A stirring homage to a poet acquaintance who died too young, this 1971 chapbook from Irby is among his most moving works. It showcases his erudition while also being close to the land and its histories of violent conquest, but perhaps most significantly, it allows Irby a space for mourning the death of someone whom he didn’t know altogether well, but with whom he felt kinship. It’s a space that I’ve been privy to much too often in my 37 years, and one that Irby understands as touching all that we do.

‘As a head only I roll’ ‘A bad song I am’ rolling on the edge of the nest rolling on the knife-edge of the bloodfouled West


Insomnia and the Aunt by Tan Lin


Lin’s writing is always wildly difficult to describe, but bear with my dearth of language: here, Lin depicts the unknowability of family, the strange paths of immigrant entrepreneurship, the enduring legacy of American racism toward Asians, the absurdities of consumer culture, and the insomniac tendency... all through the lens of watching late night television with his aunt in the motel that she manages in rural Washington. It’s an incredible piece of writing.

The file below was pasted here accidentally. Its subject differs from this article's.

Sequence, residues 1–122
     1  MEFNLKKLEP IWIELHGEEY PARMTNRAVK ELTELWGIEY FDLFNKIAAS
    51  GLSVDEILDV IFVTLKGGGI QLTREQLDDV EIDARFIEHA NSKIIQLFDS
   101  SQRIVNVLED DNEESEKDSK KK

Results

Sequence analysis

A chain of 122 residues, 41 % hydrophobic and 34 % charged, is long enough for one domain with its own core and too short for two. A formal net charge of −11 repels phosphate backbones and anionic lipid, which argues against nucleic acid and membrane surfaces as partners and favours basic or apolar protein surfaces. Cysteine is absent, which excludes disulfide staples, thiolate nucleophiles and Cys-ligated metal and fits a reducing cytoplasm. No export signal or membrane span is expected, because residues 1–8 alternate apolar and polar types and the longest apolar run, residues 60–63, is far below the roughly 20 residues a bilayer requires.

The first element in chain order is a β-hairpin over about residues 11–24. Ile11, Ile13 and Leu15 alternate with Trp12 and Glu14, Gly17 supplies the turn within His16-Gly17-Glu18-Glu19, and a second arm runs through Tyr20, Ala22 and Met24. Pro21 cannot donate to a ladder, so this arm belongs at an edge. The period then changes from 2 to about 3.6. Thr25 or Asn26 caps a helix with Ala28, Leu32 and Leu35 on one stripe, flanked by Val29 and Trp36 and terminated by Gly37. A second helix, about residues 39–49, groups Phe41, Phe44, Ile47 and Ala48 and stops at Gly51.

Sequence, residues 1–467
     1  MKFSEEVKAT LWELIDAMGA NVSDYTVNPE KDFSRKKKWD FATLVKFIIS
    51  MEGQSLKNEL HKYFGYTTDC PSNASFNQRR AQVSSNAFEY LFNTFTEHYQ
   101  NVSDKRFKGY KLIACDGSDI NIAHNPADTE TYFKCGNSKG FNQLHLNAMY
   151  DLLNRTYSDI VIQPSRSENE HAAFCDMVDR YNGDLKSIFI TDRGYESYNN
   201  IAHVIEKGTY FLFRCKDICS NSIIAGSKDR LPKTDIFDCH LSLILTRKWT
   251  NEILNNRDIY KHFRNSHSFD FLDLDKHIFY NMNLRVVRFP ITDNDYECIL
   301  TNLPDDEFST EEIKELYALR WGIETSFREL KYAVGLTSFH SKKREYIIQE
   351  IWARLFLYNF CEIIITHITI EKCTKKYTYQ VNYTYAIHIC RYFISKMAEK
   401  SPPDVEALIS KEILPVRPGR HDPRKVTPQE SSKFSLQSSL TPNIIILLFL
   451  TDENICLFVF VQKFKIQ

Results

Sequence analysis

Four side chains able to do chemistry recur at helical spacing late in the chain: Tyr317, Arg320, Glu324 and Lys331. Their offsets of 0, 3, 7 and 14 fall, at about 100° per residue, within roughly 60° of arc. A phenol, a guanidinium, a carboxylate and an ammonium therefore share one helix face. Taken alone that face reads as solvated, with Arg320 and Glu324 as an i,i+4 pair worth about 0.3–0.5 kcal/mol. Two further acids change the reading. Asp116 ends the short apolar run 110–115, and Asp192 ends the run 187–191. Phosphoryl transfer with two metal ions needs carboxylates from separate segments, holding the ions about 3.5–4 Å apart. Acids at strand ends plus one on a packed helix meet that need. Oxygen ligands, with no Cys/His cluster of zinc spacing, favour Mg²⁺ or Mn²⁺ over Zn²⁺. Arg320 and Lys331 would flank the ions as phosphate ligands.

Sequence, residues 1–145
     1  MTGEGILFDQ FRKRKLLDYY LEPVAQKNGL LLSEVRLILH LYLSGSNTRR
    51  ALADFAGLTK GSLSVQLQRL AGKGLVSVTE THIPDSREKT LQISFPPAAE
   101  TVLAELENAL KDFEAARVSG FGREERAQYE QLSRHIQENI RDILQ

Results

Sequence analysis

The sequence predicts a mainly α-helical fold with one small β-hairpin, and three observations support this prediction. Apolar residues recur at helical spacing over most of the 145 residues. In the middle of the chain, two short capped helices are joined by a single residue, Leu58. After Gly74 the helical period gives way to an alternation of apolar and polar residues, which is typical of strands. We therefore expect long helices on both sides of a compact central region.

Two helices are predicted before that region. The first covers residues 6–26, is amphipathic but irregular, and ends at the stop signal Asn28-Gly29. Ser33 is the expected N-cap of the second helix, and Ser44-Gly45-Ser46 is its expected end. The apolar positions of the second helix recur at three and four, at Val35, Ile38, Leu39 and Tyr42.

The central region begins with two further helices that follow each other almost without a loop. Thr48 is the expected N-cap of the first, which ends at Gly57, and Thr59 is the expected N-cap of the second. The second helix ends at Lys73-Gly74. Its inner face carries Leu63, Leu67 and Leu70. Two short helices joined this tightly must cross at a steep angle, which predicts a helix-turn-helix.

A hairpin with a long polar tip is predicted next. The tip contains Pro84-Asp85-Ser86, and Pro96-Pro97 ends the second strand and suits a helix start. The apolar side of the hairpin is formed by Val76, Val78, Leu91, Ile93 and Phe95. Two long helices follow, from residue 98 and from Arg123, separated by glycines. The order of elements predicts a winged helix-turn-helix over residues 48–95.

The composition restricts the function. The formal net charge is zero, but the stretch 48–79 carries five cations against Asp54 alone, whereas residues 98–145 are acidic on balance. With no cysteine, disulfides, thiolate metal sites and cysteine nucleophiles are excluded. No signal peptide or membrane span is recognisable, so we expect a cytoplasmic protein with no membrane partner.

The Day Was Warm and Blue by Richard Loranger


I know that I should probably try to spend more time memorizing poems, but other than some which I memorized as a teenager, I’ve found it next to impossible. However, I’ve had the first poem of Loranger’s surprising little chap memorized for as long as I’ve had a copy:

I stuck my penis in my lover’s hole. The day was warm and blue. We had both just murdered our bosses and there was little left to do.

This might be one of my favorite poems ever written: there’s the lyric sensibility, a sort of grossly matter-of-fact intimacy, an endorsement of class war, and a blasé cool. You can memorize it, too, and then any time there is a day that is warm and blue, become inspired.



How Mickey Made It by Jayne Anne Phillips


I love Phillips’s stories, especially the early ones—she has the poet’s ear, and gets the rhythms and intonations of her characters’ speech down to a T. What I also adore about her writing is that so many of her stories are barely stories, but surreal monologues or collections of monologues that build into a larger narrative. The titular character of this chap is a hapless hunk whose idiosyncratic ideas and slippery misogyny make for a wild read—this was a gift from dear friend Mark Francis Johnson when I was recovering from a round of chemo, and I can’t thank him enough for it.



Otherhood Imminent Profusion by J.H. Prynne